This is a different way to stack effects. Rather than nesting them, you can apply effects to empty space above other clips or clips with effects on them in the timeline. So to go into the 3D Warp now and keyframe above or defocus at the beginning and end, what we are going to do is reenter Effects mode, like so. This time because I have got an affect that has a keyframe window, I am going to see it displayed here on the right-hand side of my Effect Editor. I would like to show you a couple of things about keyframing.
First off, let's move to the beginning of our effect. Let's add a keyframe there and move through to where we would like the Blur effect to finish and add a new keyframe. Now move back to the original keyframe and let's go to the category where our Defocus is. Here it is. Switch it on and now increase the value on X and on Y, like so. So it starts soft and then as we progress through to the next keyframe, we are going to animate this down to 0, like so.
So now we get a Defocus effect at the beginning of the sequence and you can see this button here called Play Preview will allow us to play through an effect a frame at a time. Okay, now let's move to the end and do the same thing on the way out. But instead of using Add Keyframe button here this time, I'm going to move over and add the keyframe directly inside the Effect Editor. Now the reason for this is I want to show you two different models for keyframing. The keyframing model here in this ribbon is top down.
In other words if I apply a keyframe at this level, it's going to get applied to every single parameter within my effect. This time what I would like to do is open up the Defocus effect itself and you can see the animation we already made there at the start and instead I am going to right-click directly inside the parameter itself and say Add Keyframe. I am going to do the same on the vertical as well. Now when I move to the end, I am going to repeat that action, add a keyframe to both parameters, and now I can animate directly here inside the Keyframe Editor itself like so. And I've done pretty much the same thing, but let me show you this.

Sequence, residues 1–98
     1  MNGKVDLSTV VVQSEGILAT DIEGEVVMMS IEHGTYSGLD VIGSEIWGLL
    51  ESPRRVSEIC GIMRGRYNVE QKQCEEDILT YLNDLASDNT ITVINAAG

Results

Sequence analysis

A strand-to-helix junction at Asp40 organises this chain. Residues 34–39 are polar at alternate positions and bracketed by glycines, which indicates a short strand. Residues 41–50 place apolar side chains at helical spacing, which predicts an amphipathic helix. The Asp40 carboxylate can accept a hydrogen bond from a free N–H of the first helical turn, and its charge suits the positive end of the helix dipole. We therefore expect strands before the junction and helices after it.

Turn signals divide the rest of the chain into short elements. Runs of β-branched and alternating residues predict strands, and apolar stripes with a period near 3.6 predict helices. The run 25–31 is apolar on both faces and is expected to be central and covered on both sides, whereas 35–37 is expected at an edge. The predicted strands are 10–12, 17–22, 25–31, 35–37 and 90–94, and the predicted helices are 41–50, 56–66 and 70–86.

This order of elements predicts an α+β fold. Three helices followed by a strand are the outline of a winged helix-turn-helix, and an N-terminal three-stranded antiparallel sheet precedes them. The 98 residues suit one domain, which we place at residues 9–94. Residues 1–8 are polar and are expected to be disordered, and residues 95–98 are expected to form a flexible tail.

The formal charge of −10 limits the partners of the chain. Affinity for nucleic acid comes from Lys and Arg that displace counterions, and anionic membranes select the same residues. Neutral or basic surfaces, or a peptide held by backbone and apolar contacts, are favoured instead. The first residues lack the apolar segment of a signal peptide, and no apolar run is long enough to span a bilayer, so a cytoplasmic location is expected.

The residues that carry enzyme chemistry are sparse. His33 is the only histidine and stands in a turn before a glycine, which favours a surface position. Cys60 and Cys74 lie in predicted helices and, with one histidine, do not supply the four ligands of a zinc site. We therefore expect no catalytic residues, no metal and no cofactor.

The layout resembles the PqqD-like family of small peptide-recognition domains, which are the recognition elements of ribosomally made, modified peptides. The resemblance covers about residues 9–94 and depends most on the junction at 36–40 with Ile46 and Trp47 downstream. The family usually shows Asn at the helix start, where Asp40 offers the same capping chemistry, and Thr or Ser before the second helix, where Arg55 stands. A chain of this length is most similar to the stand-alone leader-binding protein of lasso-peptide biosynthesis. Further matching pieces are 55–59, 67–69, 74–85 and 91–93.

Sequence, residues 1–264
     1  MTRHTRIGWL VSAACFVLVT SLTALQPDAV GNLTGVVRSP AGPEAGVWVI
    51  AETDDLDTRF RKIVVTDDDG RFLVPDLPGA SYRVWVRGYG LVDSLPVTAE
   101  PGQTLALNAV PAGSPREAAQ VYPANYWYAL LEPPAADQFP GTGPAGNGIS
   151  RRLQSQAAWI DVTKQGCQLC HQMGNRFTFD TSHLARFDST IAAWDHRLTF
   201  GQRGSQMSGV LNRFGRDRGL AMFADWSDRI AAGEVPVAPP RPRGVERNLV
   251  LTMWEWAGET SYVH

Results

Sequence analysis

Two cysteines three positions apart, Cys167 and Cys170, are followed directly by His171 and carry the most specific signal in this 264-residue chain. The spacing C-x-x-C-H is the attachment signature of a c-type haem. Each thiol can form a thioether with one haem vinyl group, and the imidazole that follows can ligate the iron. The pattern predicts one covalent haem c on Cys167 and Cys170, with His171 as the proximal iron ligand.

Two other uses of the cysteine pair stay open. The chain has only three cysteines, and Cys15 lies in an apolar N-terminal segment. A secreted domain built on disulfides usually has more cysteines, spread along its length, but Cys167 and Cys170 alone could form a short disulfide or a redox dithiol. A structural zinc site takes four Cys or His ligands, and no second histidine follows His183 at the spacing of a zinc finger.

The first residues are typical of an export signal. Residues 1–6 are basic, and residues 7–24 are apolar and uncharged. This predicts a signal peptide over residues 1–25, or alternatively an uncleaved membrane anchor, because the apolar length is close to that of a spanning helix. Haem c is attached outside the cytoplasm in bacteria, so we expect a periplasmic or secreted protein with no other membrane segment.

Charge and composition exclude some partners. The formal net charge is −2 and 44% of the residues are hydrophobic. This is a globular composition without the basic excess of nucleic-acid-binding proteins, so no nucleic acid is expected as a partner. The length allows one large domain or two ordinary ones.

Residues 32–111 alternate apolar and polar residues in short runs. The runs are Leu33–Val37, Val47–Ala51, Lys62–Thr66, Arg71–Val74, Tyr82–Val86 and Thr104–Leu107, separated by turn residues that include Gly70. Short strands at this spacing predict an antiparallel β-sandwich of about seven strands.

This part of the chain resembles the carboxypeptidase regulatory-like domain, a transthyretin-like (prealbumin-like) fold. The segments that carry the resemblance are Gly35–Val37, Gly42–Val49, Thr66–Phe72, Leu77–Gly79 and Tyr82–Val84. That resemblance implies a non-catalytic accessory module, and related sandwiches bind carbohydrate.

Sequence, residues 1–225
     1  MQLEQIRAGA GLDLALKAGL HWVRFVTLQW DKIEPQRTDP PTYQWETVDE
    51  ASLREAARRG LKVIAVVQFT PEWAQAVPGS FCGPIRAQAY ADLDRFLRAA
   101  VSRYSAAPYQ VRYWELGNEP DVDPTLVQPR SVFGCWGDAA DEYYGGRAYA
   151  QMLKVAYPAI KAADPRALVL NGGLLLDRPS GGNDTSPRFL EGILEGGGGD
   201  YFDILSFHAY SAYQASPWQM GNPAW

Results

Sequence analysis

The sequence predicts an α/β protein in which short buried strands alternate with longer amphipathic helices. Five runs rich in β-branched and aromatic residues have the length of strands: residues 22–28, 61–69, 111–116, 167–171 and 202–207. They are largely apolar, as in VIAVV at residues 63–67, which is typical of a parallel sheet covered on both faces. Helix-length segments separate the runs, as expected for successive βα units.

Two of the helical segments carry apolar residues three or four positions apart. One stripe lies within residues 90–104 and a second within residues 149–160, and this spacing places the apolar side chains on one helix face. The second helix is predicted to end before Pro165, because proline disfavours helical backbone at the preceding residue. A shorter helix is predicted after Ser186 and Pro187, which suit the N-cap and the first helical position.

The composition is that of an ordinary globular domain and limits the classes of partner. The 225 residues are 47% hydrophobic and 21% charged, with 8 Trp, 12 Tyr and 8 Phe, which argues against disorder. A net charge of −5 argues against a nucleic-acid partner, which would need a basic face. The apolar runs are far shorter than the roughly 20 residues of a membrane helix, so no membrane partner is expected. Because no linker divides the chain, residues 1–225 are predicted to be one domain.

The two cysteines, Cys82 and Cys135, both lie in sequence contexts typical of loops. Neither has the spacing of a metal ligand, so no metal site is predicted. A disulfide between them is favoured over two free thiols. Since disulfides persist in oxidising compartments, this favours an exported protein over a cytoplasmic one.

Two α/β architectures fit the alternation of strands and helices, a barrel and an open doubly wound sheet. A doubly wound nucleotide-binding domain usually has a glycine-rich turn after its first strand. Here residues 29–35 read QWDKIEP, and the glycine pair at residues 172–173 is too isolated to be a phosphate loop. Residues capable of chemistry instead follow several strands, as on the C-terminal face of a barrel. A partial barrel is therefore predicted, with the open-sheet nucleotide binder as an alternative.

Let's close these parameters down and just look at the Keyframe Graph. On the end because we started at the bottom level, we only applied keyframes where we needed them, whereas at the beginning of the effect, because we started at the top level, we applied keyframes across all parameters. Sometimes it's a good reason to want to do that; other times that's going to be a waste of keyframe information. If you find yourself in that situation, no problem. Right-click at the top of the effect, and choose to Remove Redundant Keyframes, and now we are left with just the keyframes we need to support the effect we want to create.
Close the Effect Editor to return to regular editing mode or indeed click on the Source Record Editing mode button to return to that toolset. In the final part of this chapter, we will start working with graphics, titles and credits.